For the past couple of weeks, visitors to the beaches along the 18 miles of Pacific Ocean coastline just south of Grays Harbor have noticed thousands upon thousands of little white-to-blue jellyfish strewn along the sands for miles. Drying in the wind, walking through the critter ‘drifts’, creates a crunching sound and considerable curiosity as to just exactly what these unusual creatures are that appear to have tiny sails attached, and how so many have beached.
The following is an excerpt from an article by former longtime South Beach Bulletin columnist, Gregory Books, who was a regular contributor to this publication for several years while living in Grayland:
Heralds of albacore to come
And why is it that this, the tiniest sailor on the sea, the little blue jellyfish known as Velella, has come ashore in miles-long cobalt-colored drifts that stain the beach from the South Jetty to the mouth of Willapa Bay?
Velella has tiny tentacles, slightly poisonous, on the bottom of its jelly-like blue body, and on the top it has a triangular whitish membrane set like a sail diagonally to its length.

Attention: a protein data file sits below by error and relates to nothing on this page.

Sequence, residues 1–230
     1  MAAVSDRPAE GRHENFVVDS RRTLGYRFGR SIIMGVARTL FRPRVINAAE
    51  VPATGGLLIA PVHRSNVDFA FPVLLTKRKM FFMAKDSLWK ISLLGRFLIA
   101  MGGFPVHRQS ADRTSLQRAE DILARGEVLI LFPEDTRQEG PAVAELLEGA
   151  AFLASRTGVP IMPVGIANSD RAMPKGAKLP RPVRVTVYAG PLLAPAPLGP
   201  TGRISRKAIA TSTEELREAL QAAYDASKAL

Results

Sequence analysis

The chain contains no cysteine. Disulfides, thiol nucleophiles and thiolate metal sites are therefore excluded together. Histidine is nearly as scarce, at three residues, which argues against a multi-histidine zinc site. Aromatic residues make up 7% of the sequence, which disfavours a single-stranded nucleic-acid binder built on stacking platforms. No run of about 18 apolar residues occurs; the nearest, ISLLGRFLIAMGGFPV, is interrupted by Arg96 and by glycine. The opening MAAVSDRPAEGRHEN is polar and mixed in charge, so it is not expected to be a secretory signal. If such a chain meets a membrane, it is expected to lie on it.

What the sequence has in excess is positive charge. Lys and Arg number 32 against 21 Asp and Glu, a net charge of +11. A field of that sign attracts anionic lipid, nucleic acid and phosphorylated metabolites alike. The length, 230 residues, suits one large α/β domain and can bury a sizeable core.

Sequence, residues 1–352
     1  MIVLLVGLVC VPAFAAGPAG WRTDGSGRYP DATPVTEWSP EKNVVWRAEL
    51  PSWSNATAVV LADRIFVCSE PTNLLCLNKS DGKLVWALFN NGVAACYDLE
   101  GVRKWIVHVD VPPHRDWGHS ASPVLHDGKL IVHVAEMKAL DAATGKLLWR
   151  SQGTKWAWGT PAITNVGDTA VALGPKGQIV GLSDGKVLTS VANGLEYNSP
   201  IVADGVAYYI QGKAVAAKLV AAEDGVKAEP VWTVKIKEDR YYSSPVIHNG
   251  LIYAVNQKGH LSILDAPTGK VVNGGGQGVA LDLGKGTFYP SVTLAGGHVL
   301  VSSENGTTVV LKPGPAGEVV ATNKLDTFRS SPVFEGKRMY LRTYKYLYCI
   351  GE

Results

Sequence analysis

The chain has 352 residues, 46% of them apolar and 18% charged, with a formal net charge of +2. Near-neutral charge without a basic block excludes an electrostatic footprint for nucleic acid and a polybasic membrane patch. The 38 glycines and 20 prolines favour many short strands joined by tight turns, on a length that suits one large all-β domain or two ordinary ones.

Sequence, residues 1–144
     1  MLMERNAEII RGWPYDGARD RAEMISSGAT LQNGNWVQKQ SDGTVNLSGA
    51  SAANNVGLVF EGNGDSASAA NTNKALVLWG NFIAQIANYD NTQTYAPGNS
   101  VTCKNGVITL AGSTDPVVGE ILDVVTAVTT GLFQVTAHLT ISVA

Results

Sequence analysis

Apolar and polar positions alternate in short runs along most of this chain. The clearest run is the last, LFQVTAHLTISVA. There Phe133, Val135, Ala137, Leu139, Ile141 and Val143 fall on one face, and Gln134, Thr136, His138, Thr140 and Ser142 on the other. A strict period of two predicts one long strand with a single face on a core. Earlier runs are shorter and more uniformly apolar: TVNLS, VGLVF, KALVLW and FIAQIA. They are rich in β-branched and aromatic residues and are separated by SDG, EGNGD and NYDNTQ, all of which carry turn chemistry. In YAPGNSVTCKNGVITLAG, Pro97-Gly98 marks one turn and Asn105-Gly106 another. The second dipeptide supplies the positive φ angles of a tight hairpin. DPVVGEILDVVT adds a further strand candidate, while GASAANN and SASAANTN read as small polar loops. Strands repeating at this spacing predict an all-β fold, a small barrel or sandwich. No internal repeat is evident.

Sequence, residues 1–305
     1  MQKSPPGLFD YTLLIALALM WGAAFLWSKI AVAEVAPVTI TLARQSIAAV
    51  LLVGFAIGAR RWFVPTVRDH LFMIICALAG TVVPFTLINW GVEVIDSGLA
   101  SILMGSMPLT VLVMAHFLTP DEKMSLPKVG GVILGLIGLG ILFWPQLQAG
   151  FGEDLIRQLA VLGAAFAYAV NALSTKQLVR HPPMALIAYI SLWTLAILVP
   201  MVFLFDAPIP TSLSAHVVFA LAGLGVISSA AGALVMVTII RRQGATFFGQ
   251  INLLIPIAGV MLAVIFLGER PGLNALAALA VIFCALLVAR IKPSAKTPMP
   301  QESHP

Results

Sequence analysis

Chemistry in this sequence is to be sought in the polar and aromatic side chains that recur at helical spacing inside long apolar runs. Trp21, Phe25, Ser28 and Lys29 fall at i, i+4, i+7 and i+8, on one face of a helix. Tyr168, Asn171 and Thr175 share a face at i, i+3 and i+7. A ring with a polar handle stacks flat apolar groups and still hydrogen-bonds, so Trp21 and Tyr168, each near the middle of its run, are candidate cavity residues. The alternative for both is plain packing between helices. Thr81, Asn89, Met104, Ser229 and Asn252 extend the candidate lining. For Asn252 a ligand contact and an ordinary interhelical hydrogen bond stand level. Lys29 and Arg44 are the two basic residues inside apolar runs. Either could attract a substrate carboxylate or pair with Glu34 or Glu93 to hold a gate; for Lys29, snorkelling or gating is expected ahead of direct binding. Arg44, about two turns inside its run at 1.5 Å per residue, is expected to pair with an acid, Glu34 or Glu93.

On our side of the North Pacific, these tiny sails are set in a northwest to southeast direction, and as long as the winds blow gently, the animal tacks at about 45 degrees away from a following wind; this keeps it offshore.
When winds are strong, however, Velella loses its tacking ability and begins spinning and following the wind more directly. Its sails permanently set, it is swept to disaster on the beaches.
On the other side of the North Pacific, Velella’s sails are set northeast to southwest, and in the southern hemisphere, its sails are reversed-another marvel of adaptation.
The sometimes incorrectly called Portuguese man-of-war, Velella may mildly irritate skin. Persons who touch it should not then touch their eyes or put fingers in their mouths.
Squishing through the drifts may result in smelly footwear.
The beaching of Velella is a hopeful omen to commercial and charter fishermen. Usually, great quantities of the jellyfish in offshore waters presage the movement of albacore tuna north off the Washington Coast later in the summer.